Posted by rocketc | October 15, 2007, 2:15 pm
  15. “I don’t think you are big and clever for not taking money you are entitled to. I think you are dumb.”

    I strongly disagree with that blanket statement. Some people are dumb for not taking money, but some people are smart. A lot of it depends on what the person does *afterwards*.

    If you have a personality where when you are given aid you become dependent on it and you will (sub)consciously make bad choices to keep getting that aid, then for your OWN good you should strive to avoid the temptation of ever getting a handout. This is similar to an alcoholic who knows that if he *starts* drinking he won’t be able to stop. That is a real-life personality type and you shouldn’t pretend people like that don’t exist!

    On the other hand, if your personality is such that when help is given to you, it causes you to swell with joy at the spirit of humanity and prompts you to improve yourself so that you can be on the giving end, then by all means take a handout!

    That’s why I don’t think you should insult people who said their pride wouldn’t let them take handouts, because those people really feel that way and it did in fact work out better for them. They made the right choice for themselves.

    At the same time, I don’t think successful people who were once on welfare should be belittled for that, because they had the strength of character to accept handouts for a time and then give them up, which can be a very hard thing for some people.

    The problem is people in both camps *project* their own strengths and weaknesses onto others. They assume that if welfare helped them, it will help everybody; or that if they didn’t need welfare, then nobody does.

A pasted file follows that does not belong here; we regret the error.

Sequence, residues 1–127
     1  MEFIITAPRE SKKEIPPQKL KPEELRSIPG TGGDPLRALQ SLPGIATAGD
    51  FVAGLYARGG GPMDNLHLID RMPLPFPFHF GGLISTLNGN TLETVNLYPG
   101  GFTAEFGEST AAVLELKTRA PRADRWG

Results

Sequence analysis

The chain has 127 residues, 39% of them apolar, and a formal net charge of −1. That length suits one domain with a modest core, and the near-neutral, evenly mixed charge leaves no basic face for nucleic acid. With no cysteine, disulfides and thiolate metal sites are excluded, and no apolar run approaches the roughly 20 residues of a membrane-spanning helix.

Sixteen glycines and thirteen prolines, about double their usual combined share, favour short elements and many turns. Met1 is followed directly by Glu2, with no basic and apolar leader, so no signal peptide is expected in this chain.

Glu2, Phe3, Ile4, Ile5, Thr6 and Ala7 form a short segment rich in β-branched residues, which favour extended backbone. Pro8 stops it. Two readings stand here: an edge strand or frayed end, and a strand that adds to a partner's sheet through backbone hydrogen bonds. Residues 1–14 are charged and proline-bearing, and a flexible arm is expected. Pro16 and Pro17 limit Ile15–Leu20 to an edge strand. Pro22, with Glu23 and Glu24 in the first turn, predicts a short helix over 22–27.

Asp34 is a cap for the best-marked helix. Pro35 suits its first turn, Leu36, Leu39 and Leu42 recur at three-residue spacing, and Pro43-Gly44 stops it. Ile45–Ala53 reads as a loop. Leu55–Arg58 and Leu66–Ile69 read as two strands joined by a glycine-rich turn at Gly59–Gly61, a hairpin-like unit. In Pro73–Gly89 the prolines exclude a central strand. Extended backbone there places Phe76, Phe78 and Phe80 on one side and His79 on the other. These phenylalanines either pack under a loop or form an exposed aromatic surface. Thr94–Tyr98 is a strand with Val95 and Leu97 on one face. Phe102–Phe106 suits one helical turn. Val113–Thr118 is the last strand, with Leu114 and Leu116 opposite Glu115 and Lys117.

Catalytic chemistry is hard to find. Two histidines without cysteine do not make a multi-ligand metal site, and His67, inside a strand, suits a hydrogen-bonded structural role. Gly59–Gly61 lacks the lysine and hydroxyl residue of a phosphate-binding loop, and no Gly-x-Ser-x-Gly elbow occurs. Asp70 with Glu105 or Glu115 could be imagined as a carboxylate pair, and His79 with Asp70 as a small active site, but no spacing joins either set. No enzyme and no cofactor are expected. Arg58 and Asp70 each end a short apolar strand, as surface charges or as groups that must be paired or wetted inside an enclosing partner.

Posted by Jon | October 15, 2007, 7:38 pm
  16. I would like to address the comment that the government has completely bungled education, therefore they would bungle healthcare. That’s a common argument and concern. However, what we Americans fail to realize is that the current private system has tons of inefficiencies and bureaucracy. Health Insurers routinely deny claims and individuals use up a lot of time to dispute payment or claim denials. In my lifetime, I’ve had to fight two different payment denials from two different insurers (one year of letters and documentations). Luckily there were payment issues and not denial of a major surgery. Two co-workers are also fighting payment denials. Health Insurers look for any little reason to deny your claims.

    Posted by win | October 20, 2007, 2:11 am
  17. . . .and you think it would be better with government healthcare? Your experience is unfortunate, but you are dealing with large beauracracies. The solution is not to make it larger.

    The US has the best health care system in the world - despite it’s shortcomings. The US develops almost all of the health care technological, drug, and care advances. Government health care systems do not invest in research and development. Why is it that Canadians are coming over our border in droves in order to have their health needs met?

    Posted by rocketc | October 20, 2007, 12:23 pm
  18. I would just like to address Rocketc’s comment about the two levels of healthcare in the UK. Firstly, not as many wealthy people as you might think, opt for private insurance as they feel they have already paid for the NHS through taxes. Also because there are not many private facilities most private healthcare is delivered in an NHS hospital, with NHS staff, the only real difference is you’ll likely get a private room and the hospital and doctors make more money from you. Having grown up in the UK and now moved to Canada I really appreciate the NHS. I’m considering moving to the states for awhile but the healthcare issues really put me off, as I have a chronic medical condition that would be very costly in the US.

    Posted by Looby | October 20, 2007, 4:18 pm